The Countryside Alliance has examined the number of crimes committed against churches or religious buildings, and released the numbers for the last 12 years. In the UK nationwide, 6,000 crime cases have been reported. In Cumbria, which is the fourth lowest country in terms of such crimes, 47 cases have been reported in one year. Last year the Countryside Alliance's also reported 20,000 crimes against churches and religious buildings in the UK in the lapse of 2 years.
On the grounds of a church in Derry, during the night of October 26th, a pile of rubbish was set on fire by unknown vandals causing damage to several windows of the church. The police is investigating.
The First Minister of Walse, Mark Drakeford announced a new lockdown from the 23rd of October to the 9th of November, which includes the closing of churches. Christian leaders have raised their voice against the regulations made by the Welsh Government. The Christian leaders argue that the regulations are severely interfering with the rights to freedom of thought, conscience, religion and worship, which are protected under Article 9 of the Human Rights Act.
As reported by Christian Concern on the 22nd of October, the BBC News Broadcast showed a biased TV Program on the issue of "Gay Conversion Therapy". On September 29th, BBC Northern Ireland featured only LGBT campaigners and gay-affirming psychologist and psychiatrists. The organization Core Issues Trust argued, that the program did not represent the real range of scientific opinions on the controversial topic. There were no interviews with people who had benefited from counseling interventions and left the LGBT lifestyle and also false reports were used without further investigations.
The Union of Clare Students (UCS) of the Cambridge Clare University are trying to remove the city councilor Kevin Price, for refusing to vote on a motion that contained a statement affirming that trans-women are women, trans-men are men and non-binary individuals are also non-binary. Price resigned his role to vote as a matter of conscience on the 22nd of October. The UCS considers Price "Unfit" and demand not only a safe environment for trans-people, but also that they feel "celebrated".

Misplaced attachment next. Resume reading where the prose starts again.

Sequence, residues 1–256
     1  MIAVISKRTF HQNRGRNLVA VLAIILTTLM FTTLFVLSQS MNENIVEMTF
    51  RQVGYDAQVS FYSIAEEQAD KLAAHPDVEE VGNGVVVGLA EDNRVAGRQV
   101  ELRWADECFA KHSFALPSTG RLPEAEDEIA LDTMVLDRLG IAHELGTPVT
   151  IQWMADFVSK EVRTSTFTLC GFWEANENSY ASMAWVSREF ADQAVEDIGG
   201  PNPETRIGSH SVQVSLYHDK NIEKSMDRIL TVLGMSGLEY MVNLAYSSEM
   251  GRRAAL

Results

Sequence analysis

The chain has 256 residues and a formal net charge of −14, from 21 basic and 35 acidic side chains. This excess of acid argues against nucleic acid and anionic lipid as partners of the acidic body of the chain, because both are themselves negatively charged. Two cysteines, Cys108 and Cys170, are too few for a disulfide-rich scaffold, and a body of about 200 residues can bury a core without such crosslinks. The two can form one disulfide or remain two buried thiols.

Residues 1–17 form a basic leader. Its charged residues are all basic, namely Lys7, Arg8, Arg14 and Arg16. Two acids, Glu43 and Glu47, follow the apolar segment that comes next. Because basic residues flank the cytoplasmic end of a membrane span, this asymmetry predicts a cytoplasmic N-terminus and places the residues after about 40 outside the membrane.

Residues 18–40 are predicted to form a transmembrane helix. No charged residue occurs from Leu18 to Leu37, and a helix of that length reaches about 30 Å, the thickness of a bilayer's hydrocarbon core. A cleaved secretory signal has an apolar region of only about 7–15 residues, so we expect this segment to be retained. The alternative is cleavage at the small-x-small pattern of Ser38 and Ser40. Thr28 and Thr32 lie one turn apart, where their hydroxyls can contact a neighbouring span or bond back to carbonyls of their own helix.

A new Bill is being passed rapidly in the United Kingdom, which would require extensive discussion on its moral standards. The Covert Human Intelligence Bill was presented on September 2020, and has already passed the first reading in the House of Lords (19.10.2020). It's regulations for the authorization of criminal activity for public bodies, like the police, to "prevent disorder" presents a threat to freedoms of speech and religion. The line is already very thin between "hate crimes" and "hate incidents" and the new Bill could give space to a targeted surveillance and use of executive power against Christians.
On October 18th, the Daily Mail wrote an article about the new "crime wave" against churches and cemeteries in England. The crimes include robbery, vandalism, personal attacks and rape. According to the Metropolitan Police around 1,106 crimes happened in religious locations, including 250 cases of violence against individuals, 273 burglaries, 188 arsons and criminal damage and 371 thefts.
On October 18th at night, a man was captured on video trying to rip off the Cross on the roof of the Chadwell Health Baptist Church in east London. The video footage then circulated on social media. He was also arrested by the police for suspicion of criminal damage. The cross was recovered, being now in police custody, it will be reinstalled soon. A witness told the Metro News, that the man looked angry and was muttering things about religion.
During the night of October 15th, a fire was set at the exterior wall and the windows of St. Paul's church in Quarndorn. The fire damaged the wall and windows but did not spread further. The police is asking for help. A 17-year-old teenager has been arrested as suspect.
In the early morning of October 15th, a rescue team was called because the St. Matthew's Church in Derby was burning. The facade and the shed of the church suffered most of the damage. There have been another three attacks with arson in Derby in October: On the church in Quarndorn and two schools, the police has not yet found any evidence that would link these cases. The police is investigating.
In the Year 2020 until now, 90 places of worship have been added to the "Historic England’s Heritage at Risk" register, while only 69 are being taken off. The organisation says this is a New trend they hope will not become the rule. Almost half of the churches are being added because of crimes and thefts of church roofs, which have increased in recent years.
On October 8th two young men forcefully broke into St Gregory's Church in Kevindale by smashing a window of the side chapel. They were caught by the parish priest while they tried to set fire inside the church. The two also caused some other vandalism inside the church. The priest chased the two perpetrators down the road but did not catch them. The vandals broke in during ongoing preparations for a funeral. The community of the church was shocked and demands reparations. The police is investigating.